Alcohol-abuse drug potential cancer treatment
A new study, led by Jiri Bartek (Karolinska Institutet/SciLifeLab) has explored the potential for using disulfiram, also known as Antabuse – an old alcohol-aversion drug, to treat cancer. The results show an anti-cancer effect of the substance in a range of cancers including colon, prostate and breast cancer. The results are published in Nature.
Cancer incidence is rising and this global challenge is further exacerbated by tumour resistance to available medicines. A promising approach to meet the need for improved cancer treatment is repurposing of existing drugs. The current paper studies the effect of the active substance in Antabuse, disulfiram, on cancer and demonstrates both a reduced risk of dying from a diagnosed cancer disease and an explanatory biological mechanism of action.
The nationwide investigation of over 3 000 Danish individuals aged 35-85 years shows that patients who continued to use disulfiram also after they were diagnosed with cancer had a lower risk of dying from their disease compared to those who stopped using the drug upon diagnosis. This is in line with previous preclinical research, indicating that disulfiram has anti-cancer activity. The new paper also identifies a metabolite of the drug, which is responsible for its effects on cancer, and reveals the molecule NPL4 to be the target of disulfiram’s tumour-suppressing effects. NPL4 plays a role in controlling the turnover of proteins involved in multiple regulatory and stress-response pathways in cells. The previous lack of a defined mechanism of action has prevented the repurposing of disulfiram as an anti-cancer drug, but as this study provides also candidate biomarkers for analysis of disulfiram’s effect on cells and tissues, a framework for this process has been created.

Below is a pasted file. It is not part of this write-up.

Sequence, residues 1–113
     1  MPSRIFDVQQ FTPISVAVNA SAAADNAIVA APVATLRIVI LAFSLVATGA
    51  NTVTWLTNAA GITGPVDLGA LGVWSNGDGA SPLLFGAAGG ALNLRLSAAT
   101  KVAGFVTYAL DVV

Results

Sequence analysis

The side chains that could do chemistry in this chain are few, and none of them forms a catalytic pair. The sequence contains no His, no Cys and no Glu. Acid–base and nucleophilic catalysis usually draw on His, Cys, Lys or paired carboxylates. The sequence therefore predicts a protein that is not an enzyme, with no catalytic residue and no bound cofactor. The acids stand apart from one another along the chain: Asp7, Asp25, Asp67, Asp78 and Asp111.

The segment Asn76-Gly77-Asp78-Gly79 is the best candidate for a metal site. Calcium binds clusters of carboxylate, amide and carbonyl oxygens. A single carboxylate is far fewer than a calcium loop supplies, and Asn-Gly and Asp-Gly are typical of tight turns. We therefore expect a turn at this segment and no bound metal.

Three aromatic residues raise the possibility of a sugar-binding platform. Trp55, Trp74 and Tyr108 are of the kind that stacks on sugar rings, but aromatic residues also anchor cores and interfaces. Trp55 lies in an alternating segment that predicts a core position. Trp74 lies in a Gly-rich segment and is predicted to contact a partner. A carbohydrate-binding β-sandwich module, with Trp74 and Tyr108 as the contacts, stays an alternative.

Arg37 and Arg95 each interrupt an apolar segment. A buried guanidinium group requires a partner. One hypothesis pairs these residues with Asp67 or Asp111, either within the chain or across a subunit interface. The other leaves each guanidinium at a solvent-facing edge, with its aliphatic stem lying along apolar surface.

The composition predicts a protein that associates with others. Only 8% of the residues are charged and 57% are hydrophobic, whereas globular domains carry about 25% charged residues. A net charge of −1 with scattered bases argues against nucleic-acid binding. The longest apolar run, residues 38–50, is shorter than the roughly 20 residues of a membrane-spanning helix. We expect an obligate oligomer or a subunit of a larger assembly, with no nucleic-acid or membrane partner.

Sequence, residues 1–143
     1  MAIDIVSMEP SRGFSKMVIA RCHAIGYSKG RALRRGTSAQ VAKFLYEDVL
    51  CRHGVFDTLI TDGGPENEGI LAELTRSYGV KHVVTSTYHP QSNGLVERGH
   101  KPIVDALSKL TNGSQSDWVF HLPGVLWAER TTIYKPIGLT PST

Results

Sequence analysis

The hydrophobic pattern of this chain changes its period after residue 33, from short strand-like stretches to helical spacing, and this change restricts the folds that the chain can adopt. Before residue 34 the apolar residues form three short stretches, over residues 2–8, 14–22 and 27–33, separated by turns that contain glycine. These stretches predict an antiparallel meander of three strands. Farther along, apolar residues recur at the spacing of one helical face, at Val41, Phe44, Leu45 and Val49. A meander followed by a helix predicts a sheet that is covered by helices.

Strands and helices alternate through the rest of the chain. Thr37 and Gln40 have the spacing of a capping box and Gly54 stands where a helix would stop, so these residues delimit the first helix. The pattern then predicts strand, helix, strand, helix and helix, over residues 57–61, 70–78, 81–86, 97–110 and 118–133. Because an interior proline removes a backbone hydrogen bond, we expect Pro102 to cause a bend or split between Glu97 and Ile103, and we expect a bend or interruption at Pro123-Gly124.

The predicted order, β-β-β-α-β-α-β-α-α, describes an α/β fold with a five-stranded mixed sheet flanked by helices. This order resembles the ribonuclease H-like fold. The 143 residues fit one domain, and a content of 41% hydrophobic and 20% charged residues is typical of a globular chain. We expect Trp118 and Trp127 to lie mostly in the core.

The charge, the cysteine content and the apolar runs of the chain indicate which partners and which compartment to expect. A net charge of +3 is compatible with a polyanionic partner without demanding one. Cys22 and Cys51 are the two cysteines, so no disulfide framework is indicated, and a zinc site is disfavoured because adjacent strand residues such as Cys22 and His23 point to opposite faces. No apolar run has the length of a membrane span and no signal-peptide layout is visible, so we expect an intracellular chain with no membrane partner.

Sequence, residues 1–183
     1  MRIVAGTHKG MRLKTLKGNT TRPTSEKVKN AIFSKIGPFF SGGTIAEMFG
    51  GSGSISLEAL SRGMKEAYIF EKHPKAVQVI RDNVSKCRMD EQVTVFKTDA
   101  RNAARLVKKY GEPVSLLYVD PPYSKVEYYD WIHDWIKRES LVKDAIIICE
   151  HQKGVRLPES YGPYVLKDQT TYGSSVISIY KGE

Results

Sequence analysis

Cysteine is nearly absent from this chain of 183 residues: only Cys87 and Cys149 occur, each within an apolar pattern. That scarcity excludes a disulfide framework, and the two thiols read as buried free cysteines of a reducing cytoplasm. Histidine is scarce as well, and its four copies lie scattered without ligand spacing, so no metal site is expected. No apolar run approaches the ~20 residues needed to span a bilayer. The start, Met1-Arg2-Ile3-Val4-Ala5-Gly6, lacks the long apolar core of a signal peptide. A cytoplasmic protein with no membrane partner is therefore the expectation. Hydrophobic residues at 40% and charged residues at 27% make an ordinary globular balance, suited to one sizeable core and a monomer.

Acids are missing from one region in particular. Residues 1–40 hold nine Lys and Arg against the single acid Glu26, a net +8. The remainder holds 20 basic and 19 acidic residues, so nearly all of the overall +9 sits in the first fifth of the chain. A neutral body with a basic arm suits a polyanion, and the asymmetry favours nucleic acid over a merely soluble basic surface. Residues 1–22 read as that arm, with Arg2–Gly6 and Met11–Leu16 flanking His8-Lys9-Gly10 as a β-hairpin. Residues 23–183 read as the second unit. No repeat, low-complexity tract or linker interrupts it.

The substance disulfiram, commercially sold as Antabuse) has been used for several decades to treat alcoholic abuse. If alcoholics drink even a little liquor after taking the drug, they will experience a wave of unpleasant symptoms, ranging from throbbing head pain and vomiting to chest pain and anxiety.